Caryl Churchill Essay - Churchill, Caryl

Churchill, Caryl


Caryl Churchill 1938-

Churchill is one of Britain's foremost female playwrights. Her works are distinguished by unconventional dramatic methods, such as the manipulation of time sequence, a flexible approach to characterization, and the incorporation of elements of prominent literary works or historical events. Acknowledging herself to be both a socialist and feminist, Churchill illustrates the hypocrisy and conflicts inherent within society and culture in works that analyze conventions of behavior and gender roles, the capitalist and class system, the institution of the nuclear family, and most prominently, the status of women in a patriarchal society.

Biographical Information

Churchill was born in London, the only child of a political cartoonist and an actress. In the late 1940s her family emigrated to Canada, where Churchill completed her primary and secondary education. Returning to England after high school, she attended college at Oxford where she received a bachelor's degree in English literature in 1960. While at Oxford, Churchill's first play, the oneact Downstairs, was produced at the National Union of Students Drama Festival. She subsequently married and began to raise a family, but she found the role of suburban wife and mother restrictive. Although she continued writing—mainly radio plays—Churchill has described this period as a frustrating one: "During that time I felt isolated. I had small children and was having miscarriages. It was an extremely solitary life. What politicized me was being discontent with my own way of life—with being a barrister's wife and just being at home with small children." Churchill's first major stage play, Owners, reflects some of the author's growing political and feminist concerns in its examination of both material and sexual "ownership." The success of this play led to Churchill's appointment in 1974 as the firstever woman playwright-in-residence at the Royal Court Theatre. In 1976 Churchill began working with the feminist theater company Monstrous Regiment, a collaboration which was to permanently influence the content and method of her writing. That same year Churchill commenced an association with another alternative company, Joint Stock, with which she produced a number of her most successful works, including Light Shining in Buckinghamshire, the Obie award-winning Cloud Nine, Fen, and A Mouthful of Birds. A prolific writer, Churchill has consistently published and produced at least one play per year since the early 1970s. In 1987, she won a second Obie for Serious Money.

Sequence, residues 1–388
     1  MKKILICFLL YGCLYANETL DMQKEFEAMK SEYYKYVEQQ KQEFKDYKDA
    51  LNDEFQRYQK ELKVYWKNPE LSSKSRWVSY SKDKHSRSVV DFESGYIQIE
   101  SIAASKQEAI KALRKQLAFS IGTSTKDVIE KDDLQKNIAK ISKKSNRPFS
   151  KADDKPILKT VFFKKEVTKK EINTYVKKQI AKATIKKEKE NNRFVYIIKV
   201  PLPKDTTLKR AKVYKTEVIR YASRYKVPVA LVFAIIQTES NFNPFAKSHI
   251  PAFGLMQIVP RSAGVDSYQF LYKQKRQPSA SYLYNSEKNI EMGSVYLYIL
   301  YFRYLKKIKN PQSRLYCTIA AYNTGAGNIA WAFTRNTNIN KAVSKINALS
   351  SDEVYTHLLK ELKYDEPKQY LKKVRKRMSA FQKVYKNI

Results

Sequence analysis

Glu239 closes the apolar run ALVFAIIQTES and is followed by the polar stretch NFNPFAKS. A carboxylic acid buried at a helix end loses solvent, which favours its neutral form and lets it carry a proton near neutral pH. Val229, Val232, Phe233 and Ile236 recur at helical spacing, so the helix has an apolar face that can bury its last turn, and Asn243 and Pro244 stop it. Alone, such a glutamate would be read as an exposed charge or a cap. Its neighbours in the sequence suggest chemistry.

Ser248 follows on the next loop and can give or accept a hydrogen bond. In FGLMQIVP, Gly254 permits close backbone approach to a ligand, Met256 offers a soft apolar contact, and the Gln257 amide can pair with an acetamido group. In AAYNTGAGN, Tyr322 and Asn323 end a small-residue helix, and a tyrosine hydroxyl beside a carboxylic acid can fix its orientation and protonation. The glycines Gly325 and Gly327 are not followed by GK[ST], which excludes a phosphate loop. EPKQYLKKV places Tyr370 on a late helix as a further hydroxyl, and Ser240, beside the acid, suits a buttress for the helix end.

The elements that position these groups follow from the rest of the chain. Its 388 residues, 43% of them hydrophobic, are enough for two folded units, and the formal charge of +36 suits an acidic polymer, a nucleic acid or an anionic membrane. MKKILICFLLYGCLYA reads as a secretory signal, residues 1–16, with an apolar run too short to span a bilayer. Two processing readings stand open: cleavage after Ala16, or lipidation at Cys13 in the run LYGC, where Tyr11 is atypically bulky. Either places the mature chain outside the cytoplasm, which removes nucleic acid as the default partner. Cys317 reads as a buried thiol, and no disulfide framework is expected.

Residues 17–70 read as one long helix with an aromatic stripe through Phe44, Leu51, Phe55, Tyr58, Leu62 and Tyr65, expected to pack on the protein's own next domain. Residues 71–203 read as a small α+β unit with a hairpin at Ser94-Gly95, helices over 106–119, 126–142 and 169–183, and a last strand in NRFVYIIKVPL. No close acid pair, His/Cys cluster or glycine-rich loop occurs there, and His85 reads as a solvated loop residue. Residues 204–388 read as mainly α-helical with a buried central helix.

Major Works